Bill Ivey and Wes Martin think enough of Steve Jabar to pony up $5,000 apiece for his legal defense.
They also stand ready to tell a jury why.
When they do, the two combat military officers will talk about the Steve Jabar who risked his life to save others in Iraq.
They also will question – and criticize – their own government for prosecuting him.
And they’re not alone.
A handful of retired officers, all of them Iraqi War veterans, are actively supporting Jabar, a Town of Tonawanda resident, as he fights a four-year-old indictment charging him with embezzling United Nations funds.
“In combat, you learn the character of a person,” said Martin, a retired Army colonel. “Steve would never intentionally defraud anyone. He simply made an error in judgment.”
“I’ve trusted him with my life, and I would do it again,” the retired Army colonel said. “When you spend 13 months with a guy in a war zone, you get to know him pretty well.”
Ivey and Martin are part of a small group of retired officers, most of them former colonels and generals, who worked side by side with Jabar and came to know and respect him.
They don’t believe the allegations against their friend and are convinced his only real crime is poor bookkeeping.
“He’s like a brother to me,” said Edward Burris, a retired Marine lieutenant colonel. “There’s no way on God’s green Earth he did what he’s accused of doing.”
Federal prosecutors tell a far different story.
A grand jury indicted Jabar and co-defendant Deborah Bowers, accusing them of diverting $65,000 from a $350,000 United Nations grant intended for an Iraqi radio station promoting women’s rights.
The 14-count indictment details a series of transactions from 2004 through 2006 in which Bowers and Jabar are alleged to have used U.N. funds for their own benefit.
“The indictment alleges these transactions were used to pay for personal expenses, including back taxes,” Assistant U.S. Attorney John E. Rogowski said.
The allegations of fraud and money laundering are rooted in the funds that allegedly went from Opportunities for Kids International, the group that received the U.N. grant, into the private bank accounts of Bowers and Jabar.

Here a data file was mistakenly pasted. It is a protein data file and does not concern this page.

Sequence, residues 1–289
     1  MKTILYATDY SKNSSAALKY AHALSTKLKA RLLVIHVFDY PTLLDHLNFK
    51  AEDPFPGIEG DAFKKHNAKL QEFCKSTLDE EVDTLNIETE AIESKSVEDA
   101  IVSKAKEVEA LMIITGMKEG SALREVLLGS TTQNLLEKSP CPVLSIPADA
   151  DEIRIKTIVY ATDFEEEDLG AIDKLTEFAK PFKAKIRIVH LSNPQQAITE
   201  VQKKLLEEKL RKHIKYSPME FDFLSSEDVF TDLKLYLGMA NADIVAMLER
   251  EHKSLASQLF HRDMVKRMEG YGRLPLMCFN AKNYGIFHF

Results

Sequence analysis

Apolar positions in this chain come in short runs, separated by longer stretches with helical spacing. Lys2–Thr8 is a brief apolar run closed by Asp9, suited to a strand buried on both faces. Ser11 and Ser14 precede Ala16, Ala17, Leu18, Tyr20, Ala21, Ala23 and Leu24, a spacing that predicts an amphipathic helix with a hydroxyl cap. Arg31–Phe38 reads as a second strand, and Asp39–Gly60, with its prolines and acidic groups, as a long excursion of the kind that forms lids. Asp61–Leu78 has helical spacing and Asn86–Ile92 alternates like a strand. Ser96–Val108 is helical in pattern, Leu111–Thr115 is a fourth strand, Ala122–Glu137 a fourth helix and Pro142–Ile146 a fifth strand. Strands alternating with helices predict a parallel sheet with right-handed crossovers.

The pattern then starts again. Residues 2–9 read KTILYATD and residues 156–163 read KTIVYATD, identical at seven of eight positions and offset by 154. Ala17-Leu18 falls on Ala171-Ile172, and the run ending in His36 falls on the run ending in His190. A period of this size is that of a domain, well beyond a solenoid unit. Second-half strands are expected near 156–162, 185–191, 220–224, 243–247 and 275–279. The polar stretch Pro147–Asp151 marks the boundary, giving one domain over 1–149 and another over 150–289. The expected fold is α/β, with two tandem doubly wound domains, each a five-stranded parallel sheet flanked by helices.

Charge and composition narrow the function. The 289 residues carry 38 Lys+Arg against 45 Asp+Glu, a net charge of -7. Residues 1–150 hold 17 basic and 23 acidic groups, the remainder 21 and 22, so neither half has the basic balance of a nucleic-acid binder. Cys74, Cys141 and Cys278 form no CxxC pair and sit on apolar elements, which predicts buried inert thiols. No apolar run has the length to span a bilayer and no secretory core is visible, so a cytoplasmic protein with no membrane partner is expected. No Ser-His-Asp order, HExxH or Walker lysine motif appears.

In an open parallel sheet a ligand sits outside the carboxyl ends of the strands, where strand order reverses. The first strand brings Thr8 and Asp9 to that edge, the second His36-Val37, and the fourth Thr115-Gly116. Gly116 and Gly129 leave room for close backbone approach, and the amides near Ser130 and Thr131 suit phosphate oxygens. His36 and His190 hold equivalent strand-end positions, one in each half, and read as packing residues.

Bowers was executive director of OKI, and Jabar was its treasurer.
“Jabar and Bowers are accused of stealing from the United Nations for their personal gain, depriving the intended beneficiaries of assistance and, of course, diverting resources away from the United Nations,” said Christine Shanley, special agent for the Criminal Investigations Division of the Internal Revenue Service.
Shanley said the IRS, regardless of the amount of money involved, takes allegations of money laundering seriously because it undermines the financial services industry and ultimately the economy.
“In addition,” she said, “lying to law enforcement officers conducting an official criminal investigation undermines the pursuit of justice.”
Even without the colonels and generals in his corner, Jabar’s prosecution would be a headline grabber.
From the day in 2009 when he returned from Iraq to turn himself in, Jabar has maintained his innocence, and friends and allies have been quick to suggest he’s a patriot, not a crook.
In Iraq, the man known as Kamal Jabar is a former Iraqi resistance fighter whose father was tortured and killed by Saddam Hussein’s army.
Even now, decades after leaving Iraq, he has a network of contacts and a familiarity with the language and culture that make him a valuable adviser to U.S. military officials.